Kaposi’s sarcoma in immunosuppressed patients due to chemotherapy or transplantation, FDA-approved peptide drug to curb HIV-1 infection, and potential peptide drugs to block COVID-19 infection

 In the past, highly prevalent cancers affecting organs such as the lung, colon, breast, or prostate have received a significant level of attention.    Less commonly occurring cancers such as brain cancer (ex. glioblastoma) was covered by the media albeit occasionally—ex. afflicting high-profile figures like the U. S. Senators.  Sarcoma refers to cancerous tumor occurring in connective tissues, which are comprised of bone (ex. osteosarcoma), cartilage (ex. chondrosarcoma), muscle (ex. soft tissue sarcomas in arms or legs), etc.  The advanced-stage sarcoma can spread (metastasize) to distant organs such as the lung.  In the U. S., approximately 15,000 cases of soft tissue sarcoma are diagnosed annually, with 5-year survival rates ranging from ~81% (localized tumors) to ~15% (metastatic cancer).  (https://www.cancer.org/cancer/soft-tissue-sarcoma/detection-diagnosis-staging/survival-rates.html).  Risk factors for sarcomas include exposure to DNA damaging agents, genetic predisposition to develop cancer, [ex. hereditary retinoblastoma (tumors form in the retina due to the inactivation of the tumor suppressor gene RB) for osteosarcoma, Li-Fraumeni syndrome (tumors develop in multiple organs due to the mutation in p53) for rhabdosarcoma] (Shew et al., 1989; Pondrom et al., 2020 ).

The risk factors for sarcoma also include virus infection.    Kaposi’s sarcoma, which affects the skin, mouth, and other tissues, consists of spindle-shaped cells and appears dark purplish due to the leakage of red blood cells from the heavily vascularized (enriched with blood vessels) tumors.  A commonly associated event is the infection by HHV-8 (human gammaherpesvirus 8), a DNA virus with a large genome (~145 kilobases), which encodes the genes involved in cell cycle regulation (ex. cyclin D that complexes with cyclin-dependent kinase to phosphorylate the Rb protein), nucleotide biosynthesis (ex. thymidylate synthetase, dihydrofolate reductase), immune regulation, etc. (Moore et al., 2001;  Gáspár et al., 2002).  It may occur with weakened immunity, ex. transplantation patients taking immunosuppressive drugs to avoid rejection of transplanted organs, and cancer patients undergoing chemotherapy.  Kaposi’s sarcoma has received wide publicity due to its frequent occurrence in HIV-1 (human immunodeficiency virus) infected patients due to the depletion of T helper cells (CD4-positive) and other types of immune cells.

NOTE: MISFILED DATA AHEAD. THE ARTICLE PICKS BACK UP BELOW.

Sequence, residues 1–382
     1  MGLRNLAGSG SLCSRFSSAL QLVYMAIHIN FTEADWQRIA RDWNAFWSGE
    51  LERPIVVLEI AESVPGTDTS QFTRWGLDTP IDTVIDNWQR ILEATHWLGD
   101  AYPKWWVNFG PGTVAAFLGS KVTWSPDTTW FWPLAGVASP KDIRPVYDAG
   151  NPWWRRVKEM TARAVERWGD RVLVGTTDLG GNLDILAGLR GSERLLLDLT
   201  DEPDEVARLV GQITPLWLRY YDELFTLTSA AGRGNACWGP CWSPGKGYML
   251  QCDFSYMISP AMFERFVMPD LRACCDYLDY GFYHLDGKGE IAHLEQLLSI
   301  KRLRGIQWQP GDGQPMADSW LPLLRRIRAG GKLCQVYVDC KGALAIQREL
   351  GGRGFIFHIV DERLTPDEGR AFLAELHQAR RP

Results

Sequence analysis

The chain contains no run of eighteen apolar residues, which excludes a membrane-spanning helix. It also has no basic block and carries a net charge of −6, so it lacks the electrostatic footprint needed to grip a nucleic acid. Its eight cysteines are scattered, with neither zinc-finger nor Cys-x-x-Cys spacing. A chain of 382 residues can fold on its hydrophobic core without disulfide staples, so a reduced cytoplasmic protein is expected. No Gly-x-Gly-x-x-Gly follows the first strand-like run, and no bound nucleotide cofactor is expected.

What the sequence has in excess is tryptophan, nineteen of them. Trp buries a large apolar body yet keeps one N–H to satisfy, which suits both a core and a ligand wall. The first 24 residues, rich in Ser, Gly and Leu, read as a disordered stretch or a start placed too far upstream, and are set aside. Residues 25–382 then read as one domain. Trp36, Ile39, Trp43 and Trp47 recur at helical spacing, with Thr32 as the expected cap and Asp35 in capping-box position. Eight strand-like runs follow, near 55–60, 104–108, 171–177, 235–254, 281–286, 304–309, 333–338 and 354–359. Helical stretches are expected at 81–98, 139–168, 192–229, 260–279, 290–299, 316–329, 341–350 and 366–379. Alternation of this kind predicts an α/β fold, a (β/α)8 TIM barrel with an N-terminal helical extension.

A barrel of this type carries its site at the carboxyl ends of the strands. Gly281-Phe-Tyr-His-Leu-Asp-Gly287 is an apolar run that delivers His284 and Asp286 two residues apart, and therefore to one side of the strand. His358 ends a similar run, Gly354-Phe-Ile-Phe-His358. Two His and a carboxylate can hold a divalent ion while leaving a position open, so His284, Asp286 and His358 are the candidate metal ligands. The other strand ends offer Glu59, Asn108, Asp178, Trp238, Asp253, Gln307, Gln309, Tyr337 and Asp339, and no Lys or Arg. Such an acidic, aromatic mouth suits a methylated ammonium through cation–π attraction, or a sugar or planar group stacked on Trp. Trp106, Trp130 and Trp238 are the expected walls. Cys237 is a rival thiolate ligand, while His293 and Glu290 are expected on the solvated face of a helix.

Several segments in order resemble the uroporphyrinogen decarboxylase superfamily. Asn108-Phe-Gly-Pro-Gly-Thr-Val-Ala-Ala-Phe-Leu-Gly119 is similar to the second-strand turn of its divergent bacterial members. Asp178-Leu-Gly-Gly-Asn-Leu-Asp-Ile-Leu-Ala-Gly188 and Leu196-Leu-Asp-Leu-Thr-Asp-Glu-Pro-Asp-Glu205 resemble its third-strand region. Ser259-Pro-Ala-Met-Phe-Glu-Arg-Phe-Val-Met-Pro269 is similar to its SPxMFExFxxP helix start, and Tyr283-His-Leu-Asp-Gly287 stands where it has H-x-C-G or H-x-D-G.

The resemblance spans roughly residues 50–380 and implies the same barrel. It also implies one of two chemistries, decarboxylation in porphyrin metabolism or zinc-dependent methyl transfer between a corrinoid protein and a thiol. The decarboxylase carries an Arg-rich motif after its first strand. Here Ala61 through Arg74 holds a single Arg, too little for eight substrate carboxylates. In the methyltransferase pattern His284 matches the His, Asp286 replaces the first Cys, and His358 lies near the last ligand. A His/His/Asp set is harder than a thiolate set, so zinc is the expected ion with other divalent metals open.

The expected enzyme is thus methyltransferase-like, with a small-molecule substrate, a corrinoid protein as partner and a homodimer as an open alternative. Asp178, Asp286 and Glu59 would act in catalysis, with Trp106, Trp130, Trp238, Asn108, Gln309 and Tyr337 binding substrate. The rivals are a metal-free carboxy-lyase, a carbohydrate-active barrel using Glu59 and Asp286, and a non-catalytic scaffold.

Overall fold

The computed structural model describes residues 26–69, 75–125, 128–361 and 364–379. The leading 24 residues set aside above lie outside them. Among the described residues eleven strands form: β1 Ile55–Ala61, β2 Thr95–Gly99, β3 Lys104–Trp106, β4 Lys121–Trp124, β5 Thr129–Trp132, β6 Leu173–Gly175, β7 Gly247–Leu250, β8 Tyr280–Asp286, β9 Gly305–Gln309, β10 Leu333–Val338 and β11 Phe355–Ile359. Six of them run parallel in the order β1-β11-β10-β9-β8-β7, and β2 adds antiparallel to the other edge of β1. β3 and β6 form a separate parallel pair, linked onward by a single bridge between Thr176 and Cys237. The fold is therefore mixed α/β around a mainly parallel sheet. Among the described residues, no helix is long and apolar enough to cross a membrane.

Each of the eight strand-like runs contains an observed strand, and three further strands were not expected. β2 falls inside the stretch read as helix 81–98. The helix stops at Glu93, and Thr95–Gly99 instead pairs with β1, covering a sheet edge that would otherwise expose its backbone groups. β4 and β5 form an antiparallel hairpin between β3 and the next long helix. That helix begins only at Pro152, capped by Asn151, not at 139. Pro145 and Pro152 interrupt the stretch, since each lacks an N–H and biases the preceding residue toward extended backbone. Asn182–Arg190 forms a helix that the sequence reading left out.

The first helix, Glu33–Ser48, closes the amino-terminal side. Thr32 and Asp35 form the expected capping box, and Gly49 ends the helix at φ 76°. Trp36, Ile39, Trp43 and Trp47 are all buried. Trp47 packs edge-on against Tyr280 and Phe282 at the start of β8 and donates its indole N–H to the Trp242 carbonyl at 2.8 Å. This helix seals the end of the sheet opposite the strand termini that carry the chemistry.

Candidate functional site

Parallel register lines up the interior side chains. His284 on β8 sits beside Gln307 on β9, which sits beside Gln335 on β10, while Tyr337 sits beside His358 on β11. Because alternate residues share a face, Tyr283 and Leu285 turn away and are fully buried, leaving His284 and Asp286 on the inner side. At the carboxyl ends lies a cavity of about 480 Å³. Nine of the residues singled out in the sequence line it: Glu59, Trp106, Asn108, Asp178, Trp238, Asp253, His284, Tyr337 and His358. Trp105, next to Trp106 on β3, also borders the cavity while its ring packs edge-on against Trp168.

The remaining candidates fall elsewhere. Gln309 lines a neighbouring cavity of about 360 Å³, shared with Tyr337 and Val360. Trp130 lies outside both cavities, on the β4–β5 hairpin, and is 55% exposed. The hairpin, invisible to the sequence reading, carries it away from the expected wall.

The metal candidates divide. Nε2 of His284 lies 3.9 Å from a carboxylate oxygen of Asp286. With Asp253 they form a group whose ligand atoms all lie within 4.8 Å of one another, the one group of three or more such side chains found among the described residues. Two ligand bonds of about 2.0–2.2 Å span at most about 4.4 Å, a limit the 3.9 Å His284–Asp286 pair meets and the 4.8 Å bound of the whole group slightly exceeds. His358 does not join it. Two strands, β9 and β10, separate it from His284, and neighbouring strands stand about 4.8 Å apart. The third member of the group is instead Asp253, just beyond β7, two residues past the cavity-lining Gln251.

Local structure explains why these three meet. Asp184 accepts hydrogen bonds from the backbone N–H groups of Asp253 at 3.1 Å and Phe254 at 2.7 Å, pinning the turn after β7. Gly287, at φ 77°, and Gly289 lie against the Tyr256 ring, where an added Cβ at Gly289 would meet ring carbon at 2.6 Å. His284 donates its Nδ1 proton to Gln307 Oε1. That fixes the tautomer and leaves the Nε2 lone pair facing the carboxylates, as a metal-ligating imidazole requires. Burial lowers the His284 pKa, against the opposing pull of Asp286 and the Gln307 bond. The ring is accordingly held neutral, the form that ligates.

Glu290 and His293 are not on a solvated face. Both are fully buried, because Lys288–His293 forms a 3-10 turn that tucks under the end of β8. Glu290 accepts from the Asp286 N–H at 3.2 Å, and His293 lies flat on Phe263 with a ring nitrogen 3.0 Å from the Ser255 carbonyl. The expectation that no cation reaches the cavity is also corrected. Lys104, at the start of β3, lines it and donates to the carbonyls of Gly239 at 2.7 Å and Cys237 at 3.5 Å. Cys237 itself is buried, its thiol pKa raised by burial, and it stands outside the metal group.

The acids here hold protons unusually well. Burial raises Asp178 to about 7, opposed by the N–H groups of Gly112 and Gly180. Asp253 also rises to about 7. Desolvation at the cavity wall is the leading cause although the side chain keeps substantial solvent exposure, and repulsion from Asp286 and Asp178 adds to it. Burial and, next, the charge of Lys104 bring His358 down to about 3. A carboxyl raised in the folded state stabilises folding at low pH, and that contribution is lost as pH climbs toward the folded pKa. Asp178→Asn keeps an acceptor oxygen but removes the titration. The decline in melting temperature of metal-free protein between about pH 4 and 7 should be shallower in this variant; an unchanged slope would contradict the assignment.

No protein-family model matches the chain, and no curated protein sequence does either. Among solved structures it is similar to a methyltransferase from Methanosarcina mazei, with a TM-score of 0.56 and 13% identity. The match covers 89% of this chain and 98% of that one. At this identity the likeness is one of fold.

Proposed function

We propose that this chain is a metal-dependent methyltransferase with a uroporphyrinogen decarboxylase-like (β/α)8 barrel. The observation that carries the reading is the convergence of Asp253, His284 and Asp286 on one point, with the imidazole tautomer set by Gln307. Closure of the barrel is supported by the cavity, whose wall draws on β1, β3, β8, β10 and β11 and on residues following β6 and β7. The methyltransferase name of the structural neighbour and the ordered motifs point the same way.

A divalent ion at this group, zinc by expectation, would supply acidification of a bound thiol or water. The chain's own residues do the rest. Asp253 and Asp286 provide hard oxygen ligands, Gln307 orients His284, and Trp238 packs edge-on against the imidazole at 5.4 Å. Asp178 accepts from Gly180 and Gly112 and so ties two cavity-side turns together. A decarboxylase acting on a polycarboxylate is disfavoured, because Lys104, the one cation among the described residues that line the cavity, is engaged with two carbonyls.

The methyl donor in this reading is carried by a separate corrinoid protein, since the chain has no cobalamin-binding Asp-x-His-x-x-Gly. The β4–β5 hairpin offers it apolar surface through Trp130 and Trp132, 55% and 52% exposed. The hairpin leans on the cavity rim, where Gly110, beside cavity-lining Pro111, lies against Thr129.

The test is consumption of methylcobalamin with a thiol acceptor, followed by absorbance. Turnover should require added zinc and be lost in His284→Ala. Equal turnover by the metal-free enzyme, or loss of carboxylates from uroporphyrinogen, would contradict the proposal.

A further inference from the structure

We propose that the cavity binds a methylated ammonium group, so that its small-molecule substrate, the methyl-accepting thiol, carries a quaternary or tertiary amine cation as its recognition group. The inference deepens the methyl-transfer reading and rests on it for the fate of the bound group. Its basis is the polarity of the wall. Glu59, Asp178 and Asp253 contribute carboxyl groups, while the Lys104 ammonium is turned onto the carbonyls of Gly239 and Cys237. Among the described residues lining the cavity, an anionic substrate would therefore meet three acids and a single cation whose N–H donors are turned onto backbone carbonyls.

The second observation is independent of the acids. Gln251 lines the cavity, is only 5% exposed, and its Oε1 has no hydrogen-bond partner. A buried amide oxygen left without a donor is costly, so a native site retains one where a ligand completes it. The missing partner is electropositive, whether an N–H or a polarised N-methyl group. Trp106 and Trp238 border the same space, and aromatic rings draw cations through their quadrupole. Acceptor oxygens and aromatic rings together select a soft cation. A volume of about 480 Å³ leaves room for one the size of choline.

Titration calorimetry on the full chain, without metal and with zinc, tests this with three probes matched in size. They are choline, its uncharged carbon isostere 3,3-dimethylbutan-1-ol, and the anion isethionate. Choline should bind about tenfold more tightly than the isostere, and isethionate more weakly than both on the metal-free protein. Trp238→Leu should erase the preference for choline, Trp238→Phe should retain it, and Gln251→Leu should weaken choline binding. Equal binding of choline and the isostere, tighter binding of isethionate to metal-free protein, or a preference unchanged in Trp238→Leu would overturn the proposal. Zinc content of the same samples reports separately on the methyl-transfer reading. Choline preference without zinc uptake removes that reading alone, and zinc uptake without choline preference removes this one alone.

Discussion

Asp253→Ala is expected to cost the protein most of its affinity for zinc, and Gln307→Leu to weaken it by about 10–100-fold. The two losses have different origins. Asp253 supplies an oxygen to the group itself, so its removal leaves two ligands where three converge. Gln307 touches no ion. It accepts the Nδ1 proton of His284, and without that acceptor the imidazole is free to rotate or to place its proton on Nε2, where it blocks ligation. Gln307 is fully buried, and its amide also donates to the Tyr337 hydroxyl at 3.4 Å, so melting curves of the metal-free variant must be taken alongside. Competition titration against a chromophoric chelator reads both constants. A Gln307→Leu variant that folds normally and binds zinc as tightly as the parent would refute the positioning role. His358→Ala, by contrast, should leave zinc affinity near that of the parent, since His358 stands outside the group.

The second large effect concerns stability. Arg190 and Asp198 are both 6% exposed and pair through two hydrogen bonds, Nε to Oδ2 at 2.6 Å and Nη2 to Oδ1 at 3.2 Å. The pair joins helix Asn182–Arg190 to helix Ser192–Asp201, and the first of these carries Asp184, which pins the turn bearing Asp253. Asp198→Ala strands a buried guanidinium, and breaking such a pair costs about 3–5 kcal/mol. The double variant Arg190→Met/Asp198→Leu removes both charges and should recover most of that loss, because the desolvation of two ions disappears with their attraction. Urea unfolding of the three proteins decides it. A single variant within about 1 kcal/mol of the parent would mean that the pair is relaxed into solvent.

In the adaptive (as opposed to innate) immune system, T helper cells play a significant role.  Following the encounter with a pathogen (ex. virus, bacteria, fungus), the internalized pathogen is proteolytically processed and selected resultant peptides are presented by class II major histocompatibility complex in antigen processing cells (ex. dendritic cells, macrophages, B lymphocytes).  The presented peptide may then get recognized by naïve ‘T helper cells’ expressing a cognate T cell receptor (specific for the presented peptide) plus the co-receptor CD4 (binds to a distinct site on class II MHC molecule).  [Note: in the case of ‘cytotoxic T cells’, the co-receptor CD8 recognizes class I MHC molecule).  The activated T helper cells contribute to immune function via the secretion of specific cytokines and are involved in the activation of macrophages, B lymphocytes, cytotoxic T cells, etc. 



CD4 molecule present on the surface of T helper cells also serves as the receptor for HIV-1.  HIV-1 is a negative-stranded RNA virus that relies on the virally encoded reverse transcriptase to convert its genomic RNA into cDNA, which is converted to double-stranded DNA by using ‘DNA-dependent DNA polymerase’ to synthesize its complementary strand.  During the latent stage, double-stranded HIV-1 genomic DNA is integrated (provirus) into host cells’ chromosomal DNA (via integrase) after entering the nucleus.  The translation of mRNAs transcribed from the provirus produces polypeptides necessary for assembling the HIV-1 virus. 

A high level of errors introduced during the cDNA synthesis by reverse transcriptase, resulting in viruses with highly variant epitopes, has been the key mechanism through which HIV-1 has defied the attempt to suppress the pandemic (caused ~40 million deaths globally) via vaccination.  Its high rate of evolution (ca. million times fast than the human genome) has also contributed to the emergence of resistant strains to antiretroviral drugs (ex. Inhibitors of reverse transcriptase).